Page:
Wednesday, August 17, 2022

A Visual Depiction of Clean Water Act Changes


Zoom in on your farm or ranch and see how proposed changes could impact EPA jurisdiction.

by Todd Neeley, DTN Staff Reporter

OMAHA (DTN) — A House committee is pressuring EPA to release more information about an October 2013 agency contract to create waters and wetlands maps of all 50 states, including making those maps part of the official record on the proposed Clean Water Act rule.

Along with posting EPA maps to its website Wednesday, House Science Space and Technology Committee Chairman Rep. Lamar Smith, R-Texas, asked EPA Administrator Gina McCarthy to release other documents related to the agency's spending of taxpayer dollars to hire a consultant to develop the maps.

In a July hearing, EPA Deputy Administrator Bob Perciasepe told the committee the agency would release the maps to the committee. McCarthy has stated publicly that the agency doesn't intend to use the maps to regulate waters. In the letter sent Wednesday, however, Smith questioned EPA's intentions.

Maps of all 50 states and a national map were posted in PDF format. The files are very large and provide information about those waters defined in the proposed rule.

EPA and the U.S. Army Corps of Engineers proposed in April to redefine “waters of the United States” under the Clean Water Act. According to the Federal Register posting, the definition used includes: “Traditional navigable waters; interstate waters, including interstate wetlands; the territorial seas; impoundments of traditional navigable waters, interstate waters, including interstate wetlands, the territorial seas, and tributaries, as defined as such waters; tributaries, as defined, of traditional navigable waters, interstate waters, or the territorial seas; and adjacent waters, including adjacent wetlands.”

The U.S. map released Wednesday effectively shows most of the country would face new potential regulatory demands because of the way EPA and Army Corps include tributaries in its rule. Yet, all perennial, intermittent and ephemeral streams would be part of the rule because they are considered tributaries that are “physically and chemically connected” downstream to traditional navigable waters. That's the case even though intermittent streams only flow part of the year and ephemeral streams only flow after heavy rainfalls.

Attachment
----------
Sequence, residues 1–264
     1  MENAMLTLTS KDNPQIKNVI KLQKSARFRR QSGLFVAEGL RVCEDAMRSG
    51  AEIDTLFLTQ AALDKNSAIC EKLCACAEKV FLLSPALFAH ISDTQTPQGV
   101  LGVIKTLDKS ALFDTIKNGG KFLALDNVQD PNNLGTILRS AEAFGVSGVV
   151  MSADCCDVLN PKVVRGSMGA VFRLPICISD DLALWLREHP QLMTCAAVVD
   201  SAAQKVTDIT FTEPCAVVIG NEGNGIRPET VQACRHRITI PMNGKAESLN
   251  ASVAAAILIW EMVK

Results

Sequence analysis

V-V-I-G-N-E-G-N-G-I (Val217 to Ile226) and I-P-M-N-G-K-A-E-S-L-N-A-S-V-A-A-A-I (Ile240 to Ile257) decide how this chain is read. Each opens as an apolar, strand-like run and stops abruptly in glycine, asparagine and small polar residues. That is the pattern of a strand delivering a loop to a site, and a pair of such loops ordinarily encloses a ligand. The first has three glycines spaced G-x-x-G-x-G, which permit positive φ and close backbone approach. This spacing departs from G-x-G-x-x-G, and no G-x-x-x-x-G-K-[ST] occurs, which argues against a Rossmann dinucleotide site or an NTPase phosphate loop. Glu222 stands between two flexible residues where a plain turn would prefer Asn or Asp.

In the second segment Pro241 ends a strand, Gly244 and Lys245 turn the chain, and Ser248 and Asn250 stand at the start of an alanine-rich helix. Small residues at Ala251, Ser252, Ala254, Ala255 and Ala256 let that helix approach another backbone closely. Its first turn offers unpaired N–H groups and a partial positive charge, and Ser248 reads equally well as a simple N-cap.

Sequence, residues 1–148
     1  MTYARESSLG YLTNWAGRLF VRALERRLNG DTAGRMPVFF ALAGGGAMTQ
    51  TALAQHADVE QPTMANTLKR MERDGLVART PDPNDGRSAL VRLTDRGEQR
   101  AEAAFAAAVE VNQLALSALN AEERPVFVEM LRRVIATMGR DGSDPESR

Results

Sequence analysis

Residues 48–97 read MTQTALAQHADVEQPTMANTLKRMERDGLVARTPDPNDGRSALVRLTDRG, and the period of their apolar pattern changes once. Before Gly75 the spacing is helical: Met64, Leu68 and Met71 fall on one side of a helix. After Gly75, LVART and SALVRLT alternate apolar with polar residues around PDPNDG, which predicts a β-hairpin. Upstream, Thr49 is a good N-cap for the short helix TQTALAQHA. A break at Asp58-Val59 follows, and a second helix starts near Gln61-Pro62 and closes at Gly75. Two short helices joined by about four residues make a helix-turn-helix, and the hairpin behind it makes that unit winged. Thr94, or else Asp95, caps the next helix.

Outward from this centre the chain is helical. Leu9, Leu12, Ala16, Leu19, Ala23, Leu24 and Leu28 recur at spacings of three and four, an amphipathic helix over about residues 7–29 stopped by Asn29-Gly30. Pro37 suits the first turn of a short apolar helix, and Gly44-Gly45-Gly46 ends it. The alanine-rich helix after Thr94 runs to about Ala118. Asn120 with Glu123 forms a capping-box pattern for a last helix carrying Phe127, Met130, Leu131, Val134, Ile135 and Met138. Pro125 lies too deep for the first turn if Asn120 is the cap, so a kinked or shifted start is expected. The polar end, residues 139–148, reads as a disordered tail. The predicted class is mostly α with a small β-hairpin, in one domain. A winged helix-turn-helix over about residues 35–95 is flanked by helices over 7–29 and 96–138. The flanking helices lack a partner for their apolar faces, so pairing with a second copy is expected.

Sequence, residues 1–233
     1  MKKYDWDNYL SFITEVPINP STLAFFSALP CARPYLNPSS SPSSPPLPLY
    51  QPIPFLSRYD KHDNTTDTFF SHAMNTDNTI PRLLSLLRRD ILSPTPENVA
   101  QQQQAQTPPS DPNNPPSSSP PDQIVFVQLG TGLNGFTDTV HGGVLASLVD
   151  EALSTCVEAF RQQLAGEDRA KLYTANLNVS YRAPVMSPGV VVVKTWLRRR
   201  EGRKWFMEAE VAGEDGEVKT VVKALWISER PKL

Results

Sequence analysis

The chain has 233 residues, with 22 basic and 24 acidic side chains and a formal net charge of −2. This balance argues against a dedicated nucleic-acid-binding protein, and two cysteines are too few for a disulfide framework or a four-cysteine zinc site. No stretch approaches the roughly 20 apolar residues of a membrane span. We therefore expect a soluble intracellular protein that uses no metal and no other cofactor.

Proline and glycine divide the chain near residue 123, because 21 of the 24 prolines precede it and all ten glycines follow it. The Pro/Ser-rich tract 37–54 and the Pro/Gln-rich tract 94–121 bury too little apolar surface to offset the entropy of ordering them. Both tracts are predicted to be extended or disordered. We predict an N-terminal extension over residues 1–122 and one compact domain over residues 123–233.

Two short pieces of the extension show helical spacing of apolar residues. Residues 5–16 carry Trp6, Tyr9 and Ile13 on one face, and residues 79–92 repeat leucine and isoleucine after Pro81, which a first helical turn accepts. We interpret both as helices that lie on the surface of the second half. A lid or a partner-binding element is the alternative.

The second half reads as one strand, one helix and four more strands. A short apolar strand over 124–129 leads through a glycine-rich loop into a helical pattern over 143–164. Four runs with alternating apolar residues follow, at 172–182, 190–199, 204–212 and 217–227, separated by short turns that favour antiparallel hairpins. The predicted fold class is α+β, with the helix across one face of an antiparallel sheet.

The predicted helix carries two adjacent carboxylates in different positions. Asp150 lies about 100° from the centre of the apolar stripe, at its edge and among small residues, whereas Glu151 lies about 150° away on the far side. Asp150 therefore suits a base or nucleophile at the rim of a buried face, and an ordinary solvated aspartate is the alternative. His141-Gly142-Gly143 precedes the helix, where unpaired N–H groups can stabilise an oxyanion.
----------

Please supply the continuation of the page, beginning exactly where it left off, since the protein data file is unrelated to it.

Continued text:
Maps released Wednesday show the prevalence of intermittent and ephemeral streams across the country that would come under the scope of the rule. Out of 7,339,124 miles of streams across the country, 77{ba1edae1e6da4446a8482f505d60d3b8e379ff6dedafe596d9ba4611a4e33a48}, or 5.66 million miles, are considered either intermittent or ephemeral.

“These maps show the EPA's plan: to control a huge amount of private property across the country,” Smith said in the letter. “Given the astonishing picture they paint, I understand the EPA's desire to minimize the importance of these maps. But the EPA's posturing cannot explain away the alarming content of these documents. It's time to give Americans a chance to make up their own minds about the EPA's intentions.

“You claim that the EPA has not yet used these maps to regulate. However, the EPA failed to explain why it used taxpayer money to create these maps. It is apparent that the EPA paid a private contractor to make many of these maps, yet the details of the arrangement remain murky. While the agency marches forward with a rule that could fundamentally re-define Americans' private property rights, the EPA kept these maps hidden.

“Serious questions remain regarding the EPA's underlying motivations for creating such highly detailed maps. The maps were created just days after the EPA announced the rule and show its sweeping scope. The EPA's job is to regulate. The maps must have been created with this purpose in mind.”

Smith said in the letter that EPA should provide documents and communications related to the EPA's contract with INDUS Corporation to create the maps, to include original contracts, specifications of work, and internal or external exchanges regarding the October 2013 maps. In addition, the committee is asking for the maps to be entered into the official rulemaking docket.

Though EPA already has extended the public comment period by 90 days to Oct. 21, Smith asked McCarthy to keep the public comment period open for “at least 60 days” after the maps are made part of the record.

A number of agriculture interest groups are scheduled to release a set of maps of their own next week.

See additional DTN coverage here,…

Read the Smith letter to McCarthy,…

Access EPA's state waters maps,…


© Copyright 2014 DTN/The Progressive Farmer. All rights reserved.

Posted with DTN Permission by Haylie Shipp



Notify of
Inline Feedbacks
View all comments
Would love your thoughts, please comment.x